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Moeraki Boulders | by Chris Gin
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Moeraki Boulders

These are the famous Moeraki Boulders.


This was taken on Saturday morning, the final day of my South Island tour. The forecast was for rain and after nearly a week of disappointing sunrises (and sunsets) I didn't have high hopes for anything different that morning.


But boy did Mother Nature put on a show for us! It was one of the best sunrises I've seen and if it was only going to happen once that week, I'm glad it happened while we were here. It's a pretty special place and to see it in that light makes it even better. The funny thing is, an hour later and it was a boring, overcast day so the place looked completely different, yet that's when the (other) tourists started turning up. It was the same at several other places too -- most tourists never get to see these places at their best, which is a bit sad really.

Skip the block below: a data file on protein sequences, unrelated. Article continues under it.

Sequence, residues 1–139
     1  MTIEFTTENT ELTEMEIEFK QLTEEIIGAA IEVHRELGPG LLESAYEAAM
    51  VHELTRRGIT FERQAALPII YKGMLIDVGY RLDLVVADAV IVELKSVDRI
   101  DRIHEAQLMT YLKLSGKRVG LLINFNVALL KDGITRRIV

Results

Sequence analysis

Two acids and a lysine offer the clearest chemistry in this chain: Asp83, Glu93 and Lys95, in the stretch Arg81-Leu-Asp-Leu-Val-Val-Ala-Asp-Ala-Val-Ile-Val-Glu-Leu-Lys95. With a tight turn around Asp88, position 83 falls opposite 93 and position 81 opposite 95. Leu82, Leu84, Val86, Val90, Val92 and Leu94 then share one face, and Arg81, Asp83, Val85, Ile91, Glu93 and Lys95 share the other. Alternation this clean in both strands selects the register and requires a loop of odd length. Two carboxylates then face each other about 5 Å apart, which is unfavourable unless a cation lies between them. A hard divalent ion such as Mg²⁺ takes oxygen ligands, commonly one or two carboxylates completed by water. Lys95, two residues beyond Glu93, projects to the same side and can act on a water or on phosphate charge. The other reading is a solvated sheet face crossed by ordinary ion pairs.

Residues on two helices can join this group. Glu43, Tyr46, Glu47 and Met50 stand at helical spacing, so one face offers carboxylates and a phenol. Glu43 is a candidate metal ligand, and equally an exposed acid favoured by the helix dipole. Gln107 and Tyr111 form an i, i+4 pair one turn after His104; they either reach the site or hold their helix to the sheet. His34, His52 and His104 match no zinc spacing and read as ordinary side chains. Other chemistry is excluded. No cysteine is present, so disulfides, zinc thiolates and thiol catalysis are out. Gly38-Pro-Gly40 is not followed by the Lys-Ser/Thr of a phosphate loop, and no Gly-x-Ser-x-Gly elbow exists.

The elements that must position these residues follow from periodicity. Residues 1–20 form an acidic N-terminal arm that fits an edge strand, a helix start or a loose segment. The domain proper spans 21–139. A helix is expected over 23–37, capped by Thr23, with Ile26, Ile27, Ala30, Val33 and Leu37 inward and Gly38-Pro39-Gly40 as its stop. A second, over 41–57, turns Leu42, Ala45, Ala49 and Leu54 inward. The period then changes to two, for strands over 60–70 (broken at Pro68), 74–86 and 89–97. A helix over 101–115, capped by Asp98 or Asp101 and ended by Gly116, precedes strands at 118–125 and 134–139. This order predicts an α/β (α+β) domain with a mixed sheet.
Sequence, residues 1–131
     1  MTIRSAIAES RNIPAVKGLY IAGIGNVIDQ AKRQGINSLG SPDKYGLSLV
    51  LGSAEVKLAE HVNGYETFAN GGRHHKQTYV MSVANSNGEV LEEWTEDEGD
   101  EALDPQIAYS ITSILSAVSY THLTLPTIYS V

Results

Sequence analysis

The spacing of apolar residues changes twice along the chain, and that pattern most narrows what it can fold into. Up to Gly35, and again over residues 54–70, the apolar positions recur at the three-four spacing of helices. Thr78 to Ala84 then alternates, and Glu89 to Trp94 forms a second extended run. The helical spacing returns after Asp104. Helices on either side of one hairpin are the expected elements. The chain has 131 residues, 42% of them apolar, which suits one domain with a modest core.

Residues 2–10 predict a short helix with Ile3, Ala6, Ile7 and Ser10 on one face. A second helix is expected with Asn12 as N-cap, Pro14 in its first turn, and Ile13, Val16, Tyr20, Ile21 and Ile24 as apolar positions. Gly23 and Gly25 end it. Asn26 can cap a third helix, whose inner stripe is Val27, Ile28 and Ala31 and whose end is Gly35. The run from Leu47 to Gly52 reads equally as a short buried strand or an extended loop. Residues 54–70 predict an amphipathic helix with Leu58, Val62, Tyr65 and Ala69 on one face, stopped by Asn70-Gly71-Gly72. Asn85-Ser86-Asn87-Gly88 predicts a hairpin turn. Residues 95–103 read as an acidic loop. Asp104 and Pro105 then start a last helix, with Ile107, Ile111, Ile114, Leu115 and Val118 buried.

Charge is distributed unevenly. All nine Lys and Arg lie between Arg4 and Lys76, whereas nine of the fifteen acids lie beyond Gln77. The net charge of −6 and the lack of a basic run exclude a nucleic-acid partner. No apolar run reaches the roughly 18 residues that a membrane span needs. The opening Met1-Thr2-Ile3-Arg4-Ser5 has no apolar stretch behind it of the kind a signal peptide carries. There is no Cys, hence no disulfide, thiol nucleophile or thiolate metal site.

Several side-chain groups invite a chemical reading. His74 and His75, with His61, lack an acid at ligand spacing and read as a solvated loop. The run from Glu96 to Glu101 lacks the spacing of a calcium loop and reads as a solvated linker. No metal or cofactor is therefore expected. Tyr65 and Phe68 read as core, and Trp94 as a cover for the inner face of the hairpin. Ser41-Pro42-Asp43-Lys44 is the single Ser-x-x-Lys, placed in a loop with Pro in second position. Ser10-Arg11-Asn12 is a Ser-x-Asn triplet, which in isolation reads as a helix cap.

I found it very difficult to get a good composition of the boulders in formation. In the end this was the best I got, which is not great but it'll have to do. I'll have to have another go at them one day, but I can't imagine getting another sunrise like this!


From the official site:


"The Moeraki Boulders are a number of huge spherical stones, found strewn along a stretch of Koekohe Beach near Moeraki, a small settlement just south of Hampden on New Zealand's Otago coast. These boulders are grey-coloured septarian concretions which have been exposed through shoreline erosion from black mudstone coastal cliffs that back the beach. They originally formed in ancient sea floor sediments during the early Paleocene some 60 million years ago.


The boulders weigh several tonnes and are up to three metres in diameter. "


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Taken on May 9, 2009